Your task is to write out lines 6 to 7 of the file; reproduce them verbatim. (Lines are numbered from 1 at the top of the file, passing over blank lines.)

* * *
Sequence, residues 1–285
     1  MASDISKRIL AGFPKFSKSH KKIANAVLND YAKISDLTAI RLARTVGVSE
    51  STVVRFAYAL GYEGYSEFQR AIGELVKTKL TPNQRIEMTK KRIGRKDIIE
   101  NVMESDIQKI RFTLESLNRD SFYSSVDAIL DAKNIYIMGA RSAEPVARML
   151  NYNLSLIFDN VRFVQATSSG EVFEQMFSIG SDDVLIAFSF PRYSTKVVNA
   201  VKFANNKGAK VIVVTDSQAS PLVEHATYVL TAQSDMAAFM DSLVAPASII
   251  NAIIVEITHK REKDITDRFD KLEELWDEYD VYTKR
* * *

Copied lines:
   201  VKFANNKGAK VIVVTDSQAS PLVEHATYVL TAQSDMAAFM DSLVAPASII
   251  NAIIVEITHK REKDITDRFD KLEELWDEYD VYTKR